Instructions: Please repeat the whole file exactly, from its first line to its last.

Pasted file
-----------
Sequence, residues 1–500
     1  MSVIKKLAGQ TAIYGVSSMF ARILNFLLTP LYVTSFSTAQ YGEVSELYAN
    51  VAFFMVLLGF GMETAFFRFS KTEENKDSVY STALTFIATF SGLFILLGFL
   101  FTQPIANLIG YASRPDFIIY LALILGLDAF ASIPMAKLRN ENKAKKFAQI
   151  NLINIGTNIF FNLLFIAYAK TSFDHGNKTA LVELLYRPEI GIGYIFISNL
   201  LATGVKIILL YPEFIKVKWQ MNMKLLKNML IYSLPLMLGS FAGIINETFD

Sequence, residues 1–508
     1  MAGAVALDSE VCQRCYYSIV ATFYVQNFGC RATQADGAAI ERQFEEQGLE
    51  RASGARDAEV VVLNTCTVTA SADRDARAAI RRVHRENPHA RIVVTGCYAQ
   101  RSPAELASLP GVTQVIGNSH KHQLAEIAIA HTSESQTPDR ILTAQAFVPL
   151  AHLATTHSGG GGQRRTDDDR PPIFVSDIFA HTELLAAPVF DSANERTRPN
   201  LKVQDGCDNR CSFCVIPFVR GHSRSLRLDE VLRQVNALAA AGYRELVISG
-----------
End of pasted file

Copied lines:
Sequence, residues 1–500
     1  MSVIKKLAGQ TAIYGVSSMF ARILNFLLTP LYVTSFSTAQ YGEVSELYAN
    51  VAFFMVLLGF GMETAFFRFS KTEENKDSVY STALTFIATF SGLFILLGFL
   101  FTQPIANLIG YASRPDFIIY LALILGLDAF ASIPMAKLRN ENKAKKFAQI
   151  NLINIGTNIF FNLLFIAYAK TSFDHGNKTA LVELLYRPEI GIGYIFISNL
   201  LATGVKIILL YPEFIKVKWQ MNMKLLKNML IYSLPLMLGS FAGIINETFD

Sequence, residues 1–508
     1  MAGAVALDSE VCQRCYYSIV ATFYVQNFGC RATQADGAAI ERQFEEQGLE
    51  RASGARDAEV VVLNTCTVTA SADRDARAAI RRVHRENPHA RIVVTGCYAQ
   101  RSPAELASLP GVTQVIGNSH KHQLAEIAIA HTSESQTPDR ILTAQAFVPL
   151  AHLATTHSGG GGQRRTDDDR PPIFVSDIFA HTELLAAPVF DSANERTRPN
   201  LKVQDGCDNR CSFCVIPFVR GHSRSLRLDE VLRQVNALAA AGYRELVISG